• "What's at Stake: High Tech"
    National Journal (09/30/00) Vol. 32, No. 40, P. 3051; Munro, Neil

    Analysts contend that the positions of Texas Gov. George Bush and Vice President Al Gore on Internet-related issues are relatively similar, and that neither would make any radical changes in the area. Gore concentrates more on the digital divide, federal spending on technology, and less federal regulation, while Bush advocates changes in tort law, tax cuts, and free market solutions to solve the high-tech industry's problems. Both candidates want to see beefed-up privacy protections for sensitive medical and financial information, but appear to favor a laissez-faire approach to Internet regulation in general. Experts say the avoidance of tough stances by both candidates on the most contentious high-tech issues, such as online porn, consumer privacy, or Internet open access rules, is proof that the industry need not worry that a President Gore or President Bush would change the current direction of the Internet economy.

  • "The Outlook for Tech"
    Business Week (10/09/00) No. 3702, P. 168; Reinhardt, Andy

    Information technology industry observers tend to agree that the third quarter slump by Intel does not suggest that there will be a widespread downturn among tech firms. Even though more Internet startups are shutting down, more dot-com workers are out of jobs, PC sales are slowing, and telecom companies will miss their financial goals for the year, market observers are confident about the prospects of the IT economy, barring a plummeting world economy and panic on Wall Street. Although growth is slowing, experts maintain that tech remains at a healthy level and that it is so entrenched in society that it would not decline at as fast a pace as the rest of the economy if a recession occurred. The IT economy currently represents 5.3 percent of the gross domestic product, up from 2.5 percent in the 1980s. International Data (IDC) says more than $975 billion will be spent on computers, networking, and software this year, an increase of 10.4 percent. IDC expects companies to invest heavily in Web initiatives, spending $119 billion this year, and $284 billion in 2003. Meanwhile, Salomon Smith Barney surveyed 50 CIOs and found that more spending on hardware and software will be on their agendas next year. The telecom sector has raised some concerns as its players seem to have spread themselves too thin by entering the wireless and Internet markets. Accordingly, spending on telecom and networking gear could suffer. Chip and software makers are viewed as positives, with the software industry seen as the stronger of the two. PCs are somewhat mixed as the home business market thrives while corporations are waiting longer to buy new machines. And finally, computer servers and storage will continue to grow at an exceptional pace.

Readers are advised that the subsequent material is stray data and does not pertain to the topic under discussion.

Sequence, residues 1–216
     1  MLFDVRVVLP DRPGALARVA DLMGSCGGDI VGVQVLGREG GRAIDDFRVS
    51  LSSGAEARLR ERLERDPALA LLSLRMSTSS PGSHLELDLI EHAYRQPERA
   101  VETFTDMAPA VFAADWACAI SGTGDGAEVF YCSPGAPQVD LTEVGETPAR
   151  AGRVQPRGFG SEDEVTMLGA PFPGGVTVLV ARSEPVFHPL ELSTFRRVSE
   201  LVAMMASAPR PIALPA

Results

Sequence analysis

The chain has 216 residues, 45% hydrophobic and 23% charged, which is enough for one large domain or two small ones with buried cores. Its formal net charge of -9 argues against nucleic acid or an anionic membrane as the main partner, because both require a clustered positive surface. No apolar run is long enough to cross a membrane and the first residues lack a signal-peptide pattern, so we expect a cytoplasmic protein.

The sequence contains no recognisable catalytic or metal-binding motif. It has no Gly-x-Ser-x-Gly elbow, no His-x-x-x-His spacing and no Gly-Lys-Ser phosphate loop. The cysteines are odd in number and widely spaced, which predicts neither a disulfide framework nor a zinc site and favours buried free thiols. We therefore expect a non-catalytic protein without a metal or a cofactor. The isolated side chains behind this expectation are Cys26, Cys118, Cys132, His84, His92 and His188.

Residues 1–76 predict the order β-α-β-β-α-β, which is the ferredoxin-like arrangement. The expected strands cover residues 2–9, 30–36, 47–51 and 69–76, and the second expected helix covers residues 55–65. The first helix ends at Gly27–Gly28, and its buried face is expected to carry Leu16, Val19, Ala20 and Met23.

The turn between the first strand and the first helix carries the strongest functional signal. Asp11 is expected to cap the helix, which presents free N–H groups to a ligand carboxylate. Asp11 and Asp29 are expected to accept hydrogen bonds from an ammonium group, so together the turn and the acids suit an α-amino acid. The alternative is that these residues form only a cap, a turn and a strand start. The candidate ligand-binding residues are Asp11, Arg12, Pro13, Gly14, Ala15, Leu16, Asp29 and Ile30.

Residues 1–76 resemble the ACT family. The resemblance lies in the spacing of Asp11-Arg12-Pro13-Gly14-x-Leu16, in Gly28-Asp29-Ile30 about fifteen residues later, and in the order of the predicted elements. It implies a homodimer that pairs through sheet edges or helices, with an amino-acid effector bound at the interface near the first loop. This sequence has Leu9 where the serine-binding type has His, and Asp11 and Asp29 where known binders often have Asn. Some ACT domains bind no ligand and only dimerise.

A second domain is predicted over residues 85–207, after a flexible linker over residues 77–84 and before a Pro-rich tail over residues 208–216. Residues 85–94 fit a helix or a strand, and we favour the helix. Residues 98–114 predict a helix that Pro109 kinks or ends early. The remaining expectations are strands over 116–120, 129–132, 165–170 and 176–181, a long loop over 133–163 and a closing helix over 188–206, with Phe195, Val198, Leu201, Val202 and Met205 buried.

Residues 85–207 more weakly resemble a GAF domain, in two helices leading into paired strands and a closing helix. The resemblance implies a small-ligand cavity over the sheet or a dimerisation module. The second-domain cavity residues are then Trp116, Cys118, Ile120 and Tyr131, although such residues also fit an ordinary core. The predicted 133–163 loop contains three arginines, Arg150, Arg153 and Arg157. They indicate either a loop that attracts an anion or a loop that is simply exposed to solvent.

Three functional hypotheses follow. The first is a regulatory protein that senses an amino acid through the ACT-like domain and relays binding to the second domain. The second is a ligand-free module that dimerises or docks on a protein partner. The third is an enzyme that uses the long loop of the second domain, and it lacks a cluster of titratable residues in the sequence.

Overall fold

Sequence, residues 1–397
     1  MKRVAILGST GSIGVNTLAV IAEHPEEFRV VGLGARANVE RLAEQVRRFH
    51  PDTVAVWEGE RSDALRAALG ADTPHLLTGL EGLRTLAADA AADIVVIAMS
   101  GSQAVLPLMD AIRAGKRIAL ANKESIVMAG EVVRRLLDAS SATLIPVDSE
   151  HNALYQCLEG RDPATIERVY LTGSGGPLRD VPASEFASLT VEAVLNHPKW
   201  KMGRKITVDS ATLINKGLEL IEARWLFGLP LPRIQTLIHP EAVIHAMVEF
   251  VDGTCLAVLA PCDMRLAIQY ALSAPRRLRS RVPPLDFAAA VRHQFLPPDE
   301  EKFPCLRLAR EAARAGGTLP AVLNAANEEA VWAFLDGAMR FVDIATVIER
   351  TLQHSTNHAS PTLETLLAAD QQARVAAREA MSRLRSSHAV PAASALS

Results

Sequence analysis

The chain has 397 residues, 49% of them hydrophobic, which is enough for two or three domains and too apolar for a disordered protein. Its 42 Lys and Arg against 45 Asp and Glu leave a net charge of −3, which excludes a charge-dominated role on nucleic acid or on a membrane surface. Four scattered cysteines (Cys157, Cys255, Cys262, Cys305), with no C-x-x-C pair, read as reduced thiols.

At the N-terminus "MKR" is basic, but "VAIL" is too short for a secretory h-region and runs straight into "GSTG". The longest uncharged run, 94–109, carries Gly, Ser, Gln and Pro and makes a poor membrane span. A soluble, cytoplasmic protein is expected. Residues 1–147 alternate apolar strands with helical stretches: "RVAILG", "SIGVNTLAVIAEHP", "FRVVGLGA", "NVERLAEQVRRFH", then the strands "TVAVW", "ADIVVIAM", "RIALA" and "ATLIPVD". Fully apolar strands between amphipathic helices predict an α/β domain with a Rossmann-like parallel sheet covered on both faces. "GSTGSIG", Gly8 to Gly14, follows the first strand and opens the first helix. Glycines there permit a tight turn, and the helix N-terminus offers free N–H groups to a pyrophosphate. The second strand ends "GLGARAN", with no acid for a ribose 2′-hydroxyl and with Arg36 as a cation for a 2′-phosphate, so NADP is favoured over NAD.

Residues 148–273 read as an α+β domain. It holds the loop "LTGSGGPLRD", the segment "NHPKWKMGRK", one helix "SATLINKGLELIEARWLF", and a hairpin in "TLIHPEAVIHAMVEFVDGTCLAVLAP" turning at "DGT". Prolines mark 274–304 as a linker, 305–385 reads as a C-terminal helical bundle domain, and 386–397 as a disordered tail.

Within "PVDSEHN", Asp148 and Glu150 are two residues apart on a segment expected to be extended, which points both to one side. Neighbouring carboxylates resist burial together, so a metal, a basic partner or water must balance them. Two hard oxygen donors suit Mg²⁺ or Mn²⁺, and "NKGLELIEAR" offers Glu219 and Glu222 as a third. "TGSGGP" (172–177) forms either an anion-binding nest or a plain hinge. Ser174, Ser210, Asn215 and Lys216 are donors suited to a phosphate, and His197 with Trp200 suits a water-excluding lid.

• "Forum Warns of Hidden DDoS Legal Liability"
    Network World (10/02/00) Vol. 17, No. 40, P. 16; Greene, Tim

    The RFC2267-plus Working Group, an industry group formed to combat distributed denial-of-service (DDoS) attacks, warns companies and ISPs to take steps to prevent DDoS attacks or risk being held liable for damage if such an incident occurs. The consortium, named for the RFC 2267 Internet router filtering standard that could help prevent DDoS attacks, says courts could maintain that companies have a reasonable expectation that a DDoS attack could occur. Therefore, the group suggests that IS executives try to prevent their systems from becoming the zombies that carry out DDoS attacks by following any guidelines of accepted safe practices that the group releases. Companies that conduct business on the Internet should share information regarding DDoS attacks to help one another avoid and minimize the damage of the attacks. Although the group has not yet issued any formal guidelines, it suggests that companies form a response team to plan a reaction to attacks, audit security of vulnerable systems between the firewalls, and implement known security software patches as well as an intrusion-detection system.

  • "Marketers Fear EU Regs Will Hinder E-Commerce"
    Advertising Age (10/02/00) Vol. 71, No. 41, P. 16; Wentz, Laurel; Meller, Paul